An initial public offering (IPO) is the first sale of a corporation's common shares to public investors. The main purpose of an IPO is to raise capital for the corporation. While IPOs are effective at raising capital, they also impose heavy legal compliance and reporting requirements. The term only refers to the first public issuance of a company's shares; any later public issuance of shares is referred to as a Secondary Market Offering. A shareholder selling its existing (not new) shares to public on the Primary Market is an Offer for Sale.
IPOs generally involve one or more investment banks as "underwriters." The company offering its shares, called the "issuer," enters a contract with a lead underwriter to sell its shares to the public. The underwriter then approaches investors with offers to sell these shares.
The sale of shares in an IPO may take several forms. Common methods include:
- Dutch auction
- Firm commitment
- Best efforts
- Bought deal
- Self Distribution of Stock
A large IPO is usually underwritten by a "syndicate" of investment banks led by one or two major investment banks (lead underwriter). Upon selling the shares, the underwriters keep a commission based on a percentage of the value of the shares they sell. Usually, the lead underwriters, i.e. the underwriters selling the largest proportions of the IPO, take the highest commissions—up to 8% in some cases.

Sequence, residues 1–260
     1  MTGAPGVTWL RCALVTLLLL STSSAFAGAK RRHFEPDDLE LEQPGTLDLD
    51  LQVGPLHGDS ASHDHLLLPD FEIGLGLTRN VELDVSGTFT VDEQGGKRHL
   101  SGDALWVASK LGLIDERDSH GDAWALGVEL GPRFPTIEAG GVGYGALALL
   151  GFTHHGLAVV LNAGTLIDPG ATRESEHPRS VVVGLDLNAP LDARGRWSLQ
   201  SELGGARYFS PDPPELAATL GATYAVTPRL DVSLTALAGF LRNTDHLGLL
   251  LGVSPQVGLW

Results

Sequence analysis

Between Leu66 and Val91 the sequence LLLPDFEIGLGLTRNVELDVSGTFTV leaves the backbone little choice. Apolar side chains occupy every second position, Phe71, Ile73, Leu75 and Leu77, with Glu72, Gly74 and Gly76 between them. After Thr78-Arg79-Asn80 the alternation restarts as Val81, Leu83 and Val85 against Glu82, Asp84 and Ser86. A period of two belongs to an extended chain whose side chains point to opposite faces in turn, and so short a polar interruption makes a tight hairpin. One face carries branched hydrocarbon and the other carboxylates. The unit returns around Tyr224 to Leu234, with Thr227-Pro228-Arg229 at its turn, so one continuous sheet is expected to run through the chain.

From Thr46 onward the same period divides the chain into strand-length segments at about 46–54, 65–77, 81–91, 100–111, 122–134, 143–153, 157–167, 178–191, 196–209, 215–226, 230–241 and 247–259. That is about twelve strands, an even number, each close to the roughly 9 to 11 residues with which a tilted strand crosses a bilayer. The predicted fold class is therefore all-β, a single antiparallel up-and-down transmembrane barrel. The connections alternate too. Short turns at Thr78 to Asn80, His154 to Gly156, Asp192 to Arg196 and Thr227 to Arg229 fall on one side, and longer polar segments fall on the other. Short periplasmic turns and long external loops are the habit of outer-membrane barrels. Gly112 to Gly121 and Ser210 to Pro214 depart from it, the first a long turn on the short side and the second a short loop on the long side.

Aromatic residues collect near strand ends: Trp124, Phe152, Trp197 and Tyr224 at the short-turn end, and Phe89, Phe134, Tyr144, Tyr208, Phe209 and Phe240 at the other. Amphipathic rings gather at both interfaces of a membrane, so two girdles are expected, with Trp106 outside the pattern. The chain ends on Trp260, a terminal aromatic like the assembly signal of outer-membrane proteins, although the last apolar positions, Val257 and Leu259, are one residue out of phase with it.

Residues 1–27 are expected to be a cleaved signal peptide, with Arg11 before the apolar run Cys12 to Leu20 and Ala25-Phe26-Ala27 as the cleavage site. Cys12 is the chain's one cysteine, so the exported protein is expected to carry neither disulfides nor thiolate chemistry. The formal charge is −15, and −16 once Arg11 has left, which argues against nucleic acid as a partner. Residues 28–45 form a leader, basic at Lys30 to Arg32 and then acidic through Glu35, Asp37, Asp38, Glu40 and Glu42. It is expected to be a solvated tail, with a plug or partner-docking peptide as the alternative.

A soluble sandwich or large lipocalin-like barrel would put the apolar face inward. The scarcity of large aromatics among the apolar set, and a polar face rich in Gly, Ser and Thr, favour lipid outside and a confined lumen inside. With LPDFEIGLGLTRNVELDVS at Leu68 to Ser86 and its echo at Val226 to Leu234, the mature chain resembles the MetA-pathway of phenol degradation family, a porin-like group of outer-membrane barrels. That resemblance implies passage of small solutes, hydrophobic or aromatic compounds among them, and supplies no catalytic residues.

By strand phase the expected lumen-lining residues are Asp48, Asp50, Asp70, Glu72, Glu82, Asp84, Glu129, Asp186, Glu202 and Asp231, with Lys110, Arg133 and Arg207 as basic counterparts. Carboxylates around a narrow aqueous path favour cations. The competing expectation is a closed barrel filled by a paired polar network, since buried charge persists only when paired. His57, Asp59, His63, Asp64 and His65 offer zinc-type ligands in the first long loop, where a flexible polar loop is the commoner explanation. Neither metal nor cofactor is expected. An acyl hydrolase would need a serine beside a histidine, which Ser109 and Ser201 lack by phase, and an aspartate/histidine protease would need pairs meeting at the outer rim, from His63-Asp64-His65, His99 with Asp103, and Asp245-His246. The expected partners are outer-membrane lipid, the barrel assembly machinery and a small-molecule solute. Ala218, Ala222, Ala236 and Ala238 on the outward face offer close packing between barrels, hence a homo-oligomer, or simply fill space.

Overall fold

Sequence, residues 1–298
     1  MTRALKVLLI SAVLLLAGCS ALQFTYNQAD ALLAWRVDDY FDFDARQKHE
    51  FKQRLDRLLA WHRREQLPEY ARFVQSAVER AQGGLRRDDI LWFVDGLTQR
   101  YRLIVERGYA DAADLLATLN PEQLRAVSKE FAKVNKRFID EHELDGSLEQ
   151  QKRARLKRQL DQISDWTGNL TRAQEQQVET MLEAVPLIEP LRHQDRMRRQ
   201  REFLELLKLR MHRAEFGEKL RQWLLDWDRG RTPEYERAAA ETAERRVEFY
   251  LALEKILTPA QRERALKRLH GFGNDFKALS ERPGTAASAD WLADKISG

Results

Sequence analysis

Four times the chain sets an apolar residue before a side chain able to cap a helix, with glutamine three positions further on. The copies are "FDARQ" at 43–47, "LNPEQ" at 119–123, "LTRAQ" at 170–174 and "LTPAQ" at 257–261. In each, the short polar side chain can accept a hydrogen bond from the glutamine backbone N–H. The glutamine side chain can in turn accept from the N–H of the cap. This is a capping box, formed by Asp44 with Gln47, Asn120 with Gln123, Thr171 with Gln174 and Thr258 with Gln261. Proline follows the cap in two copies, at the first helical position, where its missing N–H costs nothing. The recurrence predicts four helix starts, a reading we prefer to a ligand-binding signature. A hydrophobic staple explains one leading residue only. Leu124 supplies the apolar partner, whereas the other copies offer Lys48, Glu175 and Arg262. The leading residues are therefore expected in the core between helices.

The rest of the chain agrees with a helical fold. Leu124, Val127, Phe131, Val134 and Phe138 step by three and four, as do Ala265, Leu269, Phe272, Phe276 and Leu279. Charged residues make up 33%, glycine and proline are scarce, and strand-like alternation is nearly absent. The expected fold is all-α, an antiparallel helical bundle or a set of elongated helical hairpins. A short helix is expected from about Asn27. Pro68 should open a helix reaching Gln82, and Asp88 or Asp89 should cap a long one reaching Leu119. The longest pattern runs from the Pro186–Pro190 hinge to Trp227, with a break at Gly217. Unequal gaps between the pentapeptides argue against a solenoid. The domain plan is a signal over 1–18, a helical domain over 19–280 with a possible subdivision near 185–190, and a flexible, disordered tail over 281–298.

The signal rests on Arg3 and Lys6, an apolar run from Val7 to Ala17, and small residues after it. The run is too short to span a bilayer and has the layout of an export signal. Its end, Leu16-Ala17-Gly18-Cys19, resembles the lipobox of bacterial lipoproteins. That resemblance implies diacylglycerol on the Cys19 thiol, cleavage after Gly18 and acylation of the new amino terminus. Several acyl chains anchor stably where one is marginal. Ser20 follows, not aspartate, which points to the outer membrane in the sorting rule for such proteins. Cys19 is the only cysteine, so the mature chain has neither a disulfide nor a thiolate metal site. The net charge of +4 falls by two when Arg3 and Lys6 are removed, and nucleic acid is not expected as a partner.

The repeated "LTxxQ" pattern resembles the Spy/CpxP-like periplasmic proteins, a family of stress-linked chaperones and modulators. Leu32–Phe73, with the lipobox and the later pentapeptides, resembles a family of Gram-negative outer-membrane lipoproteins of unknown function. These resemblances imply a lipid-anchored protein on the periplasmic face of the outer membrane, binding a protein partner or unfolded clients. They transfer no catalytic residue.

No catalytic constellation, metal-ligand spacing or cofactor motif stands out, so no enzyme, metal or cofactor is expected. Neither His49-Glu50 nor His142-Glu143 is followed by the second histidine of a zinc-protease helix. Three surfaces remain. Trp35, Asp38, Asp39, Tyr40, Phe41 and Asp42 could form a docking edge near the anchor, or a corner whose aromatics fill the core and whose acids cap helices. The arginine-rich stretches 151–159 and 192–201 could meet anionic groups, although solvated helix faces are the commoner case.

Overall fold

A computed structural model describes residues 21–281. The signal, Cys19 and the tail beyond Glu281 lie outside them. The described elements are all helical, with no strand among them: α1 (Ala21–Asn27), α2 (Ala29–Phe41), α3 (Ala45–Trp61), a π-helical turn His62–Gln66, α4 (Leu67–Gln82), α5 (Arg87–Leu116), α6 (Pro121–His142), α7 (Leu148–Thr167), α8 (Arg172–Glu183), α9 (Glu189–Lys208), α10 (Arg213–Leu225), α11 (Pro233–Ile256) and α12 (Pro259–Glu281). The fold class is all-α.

Historically, IPOs both globally and in the US have been underpriced. The effect of underpricing an IPO is to generate additional interest in the stock when it first becomes publicly traded. This leads to massive gains for investors who enter the IPO early. However, underpricing an IPO results in "money left on the table," lost capital that could have been raised for the company had the stock been offered at a higher price.
Investment banks therefore take many factors into consideration when pricing an IPO, and attempt to reach an offering price that is low enough to stimulate interest in the stock, but high enough to raise an adequate amount of capital for the company.